Showing posts from December, 2019

2019, A Year in Reading: Best Books of the Year

I read 80 books in 2019 (81 if I can finish the one I'm currently on before midnight).  On the whole I'd say this year's reading was solid but not amazing--which feels very much of a piece with my cultural consumption all around (see also my list of favorite TV shows at Lawyers, Guns & Money).  Of course, there are so many 2019 books that I still haven't gotten around to, that it may turn out I had a great reading year, I just didn't know it until long after it was over.  For now, however, my favorite books of the year are below. Best Books: Friday Black by Nana Kwame Adjei-Brenyah Every year has to have at least one superlative short story collection, and Adjei-Brenyah's debut was it for 2019.  And what a debut it is.  Taking obvious inspiration from George Saunders, the stories here straddle the line between realism and parody, naturalism and science fiction.  A store clerk on Black Friday learns to understand the language of the feral shoppers aft

Star Wars: The Rise of Skywalker

One interesting aspect of our current era of cinematic universes and mega-franchises is that the stories behind the scenes often feel more interesting, and more dramatic, than the ones on screen. I like most MCU movies, but I'd pay a lot more than a movie ticket's price to know the answers to questions such as why Patty Jenkins was fired from Thor: The Dark World , or what the creative differences were that led to Ava DuVernay leaving Black Panther . And when it comes to Star Wars in the Disney era, these questions feel even more urgent, because the decisions being made are so much more baffling. Is it really possible that one of the hottest IPs of the century, the potential cornerstone of an empire of spin-offs and merchandising opportunities, was written in a method not unlike the party game where everyone writes a sentence in a story, folds the page down, and then hands it to the next person? I'd give a lot for a record of what went on in the meetings where the shape of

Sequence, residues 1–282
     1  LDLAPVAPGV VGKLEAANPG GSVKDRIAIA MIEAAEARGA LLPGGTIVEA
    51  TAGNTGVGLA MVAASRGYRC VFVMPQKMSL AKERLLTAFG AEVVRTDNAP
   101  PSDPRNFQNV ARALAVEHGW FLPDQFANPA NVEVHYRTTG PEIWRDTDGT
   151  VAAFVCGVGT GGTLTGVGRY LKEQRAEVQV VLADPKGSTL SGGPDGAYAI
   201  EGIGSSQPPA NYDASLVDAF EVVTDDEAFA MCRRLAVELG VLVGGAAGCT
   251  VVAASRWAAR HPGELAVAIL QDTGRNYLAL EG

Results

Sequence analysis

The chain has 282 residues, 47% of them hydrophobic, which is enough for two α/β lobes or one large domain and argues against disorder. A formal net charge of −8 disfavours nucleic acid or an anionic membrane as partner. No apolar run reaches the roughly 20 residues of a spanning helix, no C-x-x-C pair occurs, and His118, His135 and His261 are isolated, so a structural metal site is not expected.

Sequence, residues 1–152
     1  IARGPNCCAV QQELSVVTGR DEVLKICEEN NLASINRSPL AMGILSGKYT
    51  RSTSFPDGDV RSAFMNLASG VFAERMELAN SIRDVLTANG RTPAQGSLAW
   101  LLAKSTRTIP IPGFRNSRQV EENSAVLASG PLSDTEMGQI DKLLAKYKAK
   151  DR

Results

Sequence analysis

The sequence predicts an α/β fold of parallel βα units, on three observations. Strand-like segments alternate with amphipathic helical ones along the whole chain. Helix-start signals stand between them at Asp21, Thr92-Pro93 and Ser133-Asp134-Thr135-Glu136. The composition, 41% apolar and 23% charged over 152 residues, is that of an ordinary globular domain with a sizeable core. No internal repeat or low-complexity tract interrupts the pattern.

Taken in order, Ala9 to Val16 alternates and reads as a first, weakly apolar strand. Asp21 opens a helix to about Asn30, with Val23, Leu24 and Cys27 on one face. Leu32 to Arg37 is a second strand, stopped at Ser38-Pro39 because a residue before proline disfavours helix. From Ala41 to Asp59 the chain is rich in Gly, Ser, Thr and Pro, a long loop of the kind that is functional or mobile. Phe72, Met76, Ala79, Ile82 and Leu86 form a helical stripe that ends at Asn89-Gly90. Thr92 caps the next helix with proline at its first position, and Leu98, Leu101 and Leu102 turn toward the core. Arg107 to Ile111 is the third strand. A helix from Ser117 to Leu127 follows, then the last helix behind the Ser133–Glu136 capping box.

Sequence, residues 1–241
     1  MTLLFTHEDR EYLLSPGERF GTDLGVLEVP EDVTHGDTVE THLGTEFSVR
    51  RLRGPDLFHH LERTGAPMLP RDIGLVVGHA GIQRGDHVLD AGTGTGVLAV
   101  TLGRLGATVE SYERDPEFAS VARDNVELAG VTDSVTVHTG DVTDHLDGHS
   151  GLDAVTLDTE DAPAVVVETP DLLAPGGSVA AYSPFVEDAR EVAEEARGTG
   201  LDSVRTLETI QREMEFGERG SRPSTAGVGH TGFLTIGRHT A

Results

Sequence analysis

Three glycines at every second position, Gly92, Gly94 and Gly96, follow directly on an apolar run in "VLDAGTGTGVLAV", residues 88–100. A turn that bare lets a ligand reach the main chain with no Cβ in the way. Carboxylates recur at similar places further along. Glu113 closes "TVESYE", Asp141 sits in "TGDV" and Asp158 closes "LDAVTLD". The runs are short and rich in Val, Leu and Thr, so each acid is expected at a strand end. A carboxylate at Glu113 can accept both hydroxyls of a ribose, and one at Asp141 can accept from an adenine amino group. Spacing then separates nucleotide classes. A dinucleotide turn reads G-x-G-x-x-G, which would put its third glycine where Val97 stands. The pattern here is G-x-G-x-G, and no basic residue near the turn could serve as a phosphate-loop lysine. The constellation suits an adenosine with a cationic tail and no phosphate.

Notes From the Streamapocalypse

Until last month, 2019 felt like a year in which popular culture was winding itself down.  What seems like an abnormal number of shows, including juggernauts like Game of Thrones , wrapped up their stories, while others were cancelled.  Collaborations like the Netflix MCU were brought to an abrupt end.  Everywhere there was a feeling of holding one's breath, clearing the decks in preparation for the coming onslaught.  And then, a few weeks ago, that deluge arrived with the launch of Apple TV+ and Disney+, two new streaming platforms seeking to directly challenge Netflix and Amazon for primacy in a field that already feels hopelessly crowded and balkanized.  Scripted TV is only one front in that fight (Disney+, for example, can afford to launch with only one original scripted series because it has such an enormous back-catalog to boast of, whereas Apple+ is scrambling to measure up with four new scripted series, and more to come).  But it's the one I find most interesting.  Over

Recent Movie Roundup 34

This will probably be the last recent movie roundup of 2019.  There are still several highly-lauded 2019 movies that I want to watch (and, of course, the looming giant that is Star Wars: The Rise of Skywalker ), but between travel later this month and Israeli release schedules, I probably won't get to them until 2020.  The last bunch of 2019 movies is a mixture of highbrow, lowbrow, and stuff in between, of established directors and franchises and more experimental stuff.   I didn't love all of them--in fact, I disliked a few--but I'm glad that a year that had seemed rather barren, movie-wise, in the spring and summer has blossomed into an interesting stew of genres and modes towards its end. Terminator: Dark Fate - The latest film in the Terminator series--now with James Cameron back in a producer's capacity and with a story credit--isn't very good.  For a movie that works so hard to recall the first two, excellent films in this series (while also erasing its mo